We’re committed to making cyberspace secure - Minister

BY: Elizabeth Nyaadu Adu
Participants in the meeting
Participants in the meeting

The government has pledged its commitment to make the country’s cyberspace secure and resilient for a sustained digital transformation.

“The government, through the Ministry of Communications and Digitalisation (MoCD), is working closely with other relevant ministries and agencies, international partners and private sector stakeholders and it is committed in its efforts to ensure that the various digitalisation interventions that are rolled out are secure,” the Minister of Communications and Digitalisation, Ursula Owusu-Ekuful, said.

In a speech read on her behalf at the opening of the maiden meeting of the African Union (AU) - Global Forum on Cyber Expertise (GFCE) Africa Cyber Experts (ACE) Community in Accra last Wednesday, she said: “Ghana stands ready to support, collaborate and, most importantly, learn from other African states as we work together to secure Africa’s digital ecosystem.”

She explained that cyber attacks had serious implications on socio-economic development and the national security of countries, such that many of the citizens had experienced cyber security incidents, including online fraud, online blackmail, online impersonation and identity theft, publication of non-consensual intimate images, unauthorised access, social engineering scams, hacking into protected systems and other cyber security related breaches.

“We appreciate that a single cyber security incident can have global reach and devastating effects on governments, businesses and individuals,” she said.


The two-day event, held on the theme “Setting the Scene for Cyber security Status in Africa”, seeks to establish the ACE community as a continental cyber expert group to support cyber security capacity building on the continent.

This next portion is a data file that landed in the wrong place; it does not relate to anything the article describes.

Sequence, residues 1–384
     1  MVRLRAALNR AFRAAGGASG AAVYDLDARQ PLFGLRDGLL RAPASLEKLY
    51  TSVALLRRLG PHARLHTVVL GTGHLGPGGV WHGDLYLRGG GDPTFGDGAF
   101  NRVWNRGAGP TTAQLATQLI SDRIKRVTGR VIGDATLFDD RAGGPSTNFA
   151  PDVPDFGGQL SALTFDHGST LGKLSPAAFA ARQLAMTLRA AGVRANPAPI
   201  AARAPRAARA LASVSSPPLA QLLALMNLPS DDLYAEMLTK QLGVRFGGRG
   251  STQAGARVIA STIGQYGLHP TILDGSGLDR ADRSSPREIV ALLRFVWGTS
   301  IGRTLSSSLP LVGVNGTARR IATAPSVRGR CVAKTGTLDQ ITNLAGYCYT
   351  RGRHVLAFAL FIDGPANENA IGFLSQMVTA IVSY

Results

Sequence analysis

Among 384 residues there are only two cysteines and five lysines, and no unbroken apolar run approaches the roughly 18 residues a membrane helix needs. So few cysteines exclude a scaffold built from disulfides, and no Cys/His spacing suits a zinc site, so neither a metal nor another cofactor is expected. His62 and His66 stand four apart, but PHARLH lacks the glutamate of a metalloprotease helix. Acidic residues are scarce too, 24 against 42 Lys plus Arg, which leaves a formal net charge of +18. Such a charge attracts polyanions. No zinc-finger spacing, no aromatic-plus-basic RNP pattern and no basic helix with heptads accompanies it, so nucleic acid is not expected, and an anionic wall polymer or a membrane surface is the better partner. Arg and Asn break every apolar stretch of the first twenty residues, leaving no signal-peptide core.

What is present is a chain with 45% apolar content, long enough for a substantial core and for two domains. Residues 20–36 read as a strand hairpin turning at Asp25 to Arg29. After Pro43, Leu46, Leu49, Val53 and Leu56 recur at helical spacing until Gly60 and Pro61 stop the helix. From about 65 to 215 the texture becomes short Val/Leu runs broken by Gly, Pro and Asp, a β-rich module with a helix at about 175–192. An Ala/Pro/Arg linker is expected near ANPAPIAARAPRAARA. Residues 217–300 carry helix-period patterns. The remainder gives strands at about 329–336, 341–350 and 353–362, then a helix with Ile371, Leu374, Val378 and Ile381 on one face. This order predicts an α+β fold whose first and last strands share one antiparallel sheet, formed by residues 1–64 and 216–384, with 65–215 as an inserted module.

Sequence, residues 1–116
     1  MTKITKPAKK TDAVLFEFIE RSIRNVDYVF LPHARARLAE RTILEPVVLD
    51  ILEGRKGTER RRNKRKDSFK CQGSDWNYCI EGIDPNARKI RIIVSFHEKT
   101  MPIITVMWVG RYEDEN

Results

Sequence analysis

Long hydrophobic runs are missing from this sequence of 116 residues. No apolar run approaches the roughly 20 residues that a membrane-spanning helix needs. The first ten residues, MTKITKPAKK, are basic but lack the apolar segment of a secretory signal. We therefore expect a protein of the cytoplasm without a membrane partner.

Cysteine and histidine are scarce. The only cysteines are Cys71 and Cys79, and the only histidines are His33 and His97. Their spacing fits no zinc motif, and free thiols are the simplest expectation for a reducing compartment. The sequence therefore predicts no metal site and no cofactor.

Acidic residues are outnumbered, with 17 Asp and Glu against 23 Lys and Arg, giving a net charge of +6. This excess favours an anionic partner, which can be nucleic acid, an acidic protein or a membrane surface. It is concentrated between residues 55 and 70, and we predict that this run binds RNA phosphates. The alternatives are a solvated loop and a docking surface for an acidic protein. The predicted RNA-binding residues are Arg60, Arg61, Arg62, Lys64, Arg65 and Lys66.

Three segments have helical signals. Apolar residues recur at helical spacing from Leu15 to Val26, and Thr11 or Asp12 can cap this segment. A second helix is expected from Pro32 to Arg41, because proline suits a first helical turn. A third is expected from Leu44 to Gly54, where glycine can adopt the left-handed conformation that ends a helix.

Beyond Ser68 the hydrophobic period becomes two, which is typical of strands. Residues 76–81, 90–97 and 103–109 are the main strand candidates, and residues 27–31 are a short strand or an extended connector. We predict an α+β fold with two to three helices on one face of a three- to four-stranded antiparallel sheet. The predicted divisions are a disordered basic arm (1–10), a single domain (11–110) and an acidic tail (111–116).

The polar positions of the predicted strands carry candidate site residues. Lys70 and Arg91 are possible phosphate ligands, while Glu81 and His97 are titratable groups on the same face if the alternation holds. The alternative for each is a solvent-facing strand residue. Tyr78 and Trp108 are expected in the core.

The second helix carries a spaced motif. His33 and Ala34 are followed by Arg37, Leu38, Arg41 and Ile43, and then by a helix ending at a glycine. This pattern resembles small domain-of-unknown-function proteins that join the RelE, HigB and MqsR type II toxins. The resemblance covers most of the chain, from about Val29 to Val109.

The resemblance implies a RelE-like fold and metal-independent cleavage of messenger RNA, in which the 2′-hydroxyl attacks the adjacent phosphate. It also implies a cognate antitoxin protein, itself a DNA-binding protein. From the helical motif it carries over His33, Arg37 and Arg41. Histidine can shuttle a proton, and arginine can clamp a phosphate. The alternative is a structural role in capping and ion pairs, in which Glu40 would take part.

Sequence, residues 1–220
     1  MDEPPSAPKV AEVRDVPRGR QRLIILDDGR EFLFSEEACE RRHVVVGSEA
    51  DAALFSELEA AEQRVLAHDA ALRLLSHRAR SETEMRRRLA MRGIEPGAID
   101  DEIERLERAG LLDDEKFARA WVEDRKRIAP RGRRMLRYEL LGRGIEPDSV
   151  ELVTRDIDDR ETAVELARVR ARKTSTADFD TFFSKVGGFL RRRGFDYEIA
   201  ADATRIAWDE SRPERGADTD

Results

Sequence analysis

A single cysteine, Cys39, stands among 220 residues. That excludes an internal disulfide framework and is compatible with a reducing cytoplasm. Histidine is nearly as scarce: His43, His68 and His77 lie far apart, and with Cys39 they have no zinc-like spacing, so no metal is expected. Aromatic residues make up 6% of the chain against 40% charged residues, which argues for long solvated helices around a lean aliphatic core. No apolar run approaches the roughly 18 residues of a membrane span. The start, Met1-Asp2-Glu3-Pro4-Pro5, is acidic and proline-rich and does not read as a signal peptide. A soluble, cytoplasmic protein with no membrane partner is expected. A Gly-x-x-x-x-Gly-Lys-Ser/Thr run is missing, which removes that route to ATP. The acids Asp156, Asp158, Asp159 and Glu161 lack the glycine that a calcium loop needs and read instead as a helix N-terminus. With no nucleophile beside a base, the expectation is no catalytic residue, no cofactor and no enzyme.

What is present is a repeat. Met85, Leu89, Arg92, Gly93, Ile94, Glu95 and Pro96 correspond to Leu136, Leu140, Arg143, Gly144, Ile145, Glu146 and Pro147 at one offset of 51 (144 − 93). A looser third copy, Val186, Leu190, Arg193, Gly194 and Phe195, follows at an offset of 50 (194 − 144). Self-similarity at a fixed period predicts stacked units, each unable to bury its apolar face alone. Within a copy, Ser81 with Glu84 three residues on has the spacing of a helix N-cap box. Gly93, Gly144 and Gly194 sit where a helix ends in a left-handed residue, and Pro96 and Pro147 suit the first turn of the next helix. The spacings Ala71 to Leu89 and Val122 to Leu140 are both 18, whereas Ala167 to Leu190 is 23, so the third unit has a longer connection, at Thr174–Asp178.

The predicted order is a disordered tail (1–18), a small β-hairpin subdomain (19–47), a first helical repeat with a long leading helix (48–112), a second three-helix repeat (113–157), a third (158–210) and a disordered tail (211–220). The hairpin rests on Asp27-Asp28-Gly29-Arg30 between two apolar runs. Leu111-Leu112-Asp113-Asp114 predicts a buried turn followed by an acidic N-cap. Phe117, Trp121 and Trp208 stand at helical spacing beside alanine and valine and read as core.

It brought together 65 experts in the cyber security sector from 31 countries to discuss and generate the much-needed ideas and innovation towards improving the cyber resilience of the African continent.

The 31 countries are Mauritania, Benin, Spain, Serbia, Kenya, Nigeria, Cameroon and Sierra Leone.

Others are the Republic of Congo, Namibia, Burkina Faso, Togo, Zimbabwe, Swaziland, Malawi, Zambia, Mozambique and Somalia.

The rest are The Gambia, Ethiopia, Botswana, Morocco, Niger, The Sahrawi Arab Republic, Algeria, Lesotho, Senegal, Cote d’lvoire, Guinea-Bissau and South Africa.

Capacity building

According to the minister, domestic cyber resilience was much dependent on strong international collaboration arrangements, and Ghana’s membership of global institutions such as the GFCE was very critical for capacity-building efforts on the continent.

She described the meeting as a timely one which would contribute to the ongoing capacity-building activities planned to improve the domestic, regional and global response to cybercrimes.

“In view of the African Continental Free Trade Area (AfCFTA), our continent needs directions in cyber security and it is our collective responsibility to increase awareness and capacity building among member states,” Mrs Owusu-Ekuful said.

The acting Director-General of the Cyber Security Authority (CSA), Dr Albert Antwi-Boasiako, said the AU’s ‘Agenda 2063’ for transforming Africa identified cyber security as a key priority to ensure that emerging technologies were used for the benefit of African individuals, institutions and nation-states and guarantee data protection and safety online.

The project, he said, was guided by the Malabo Convention, which was adopted in June 2014, and noted, however, that only about 10 countries, Ghana inclusive, had so far ratified the convention, out of the about 55 AU member states.

“There is the need to bring together African cyber security experts to work closely with the government to promote and strengthen capacity building through international collaboration and ultimately improve our national cyber response and resilience,” he said.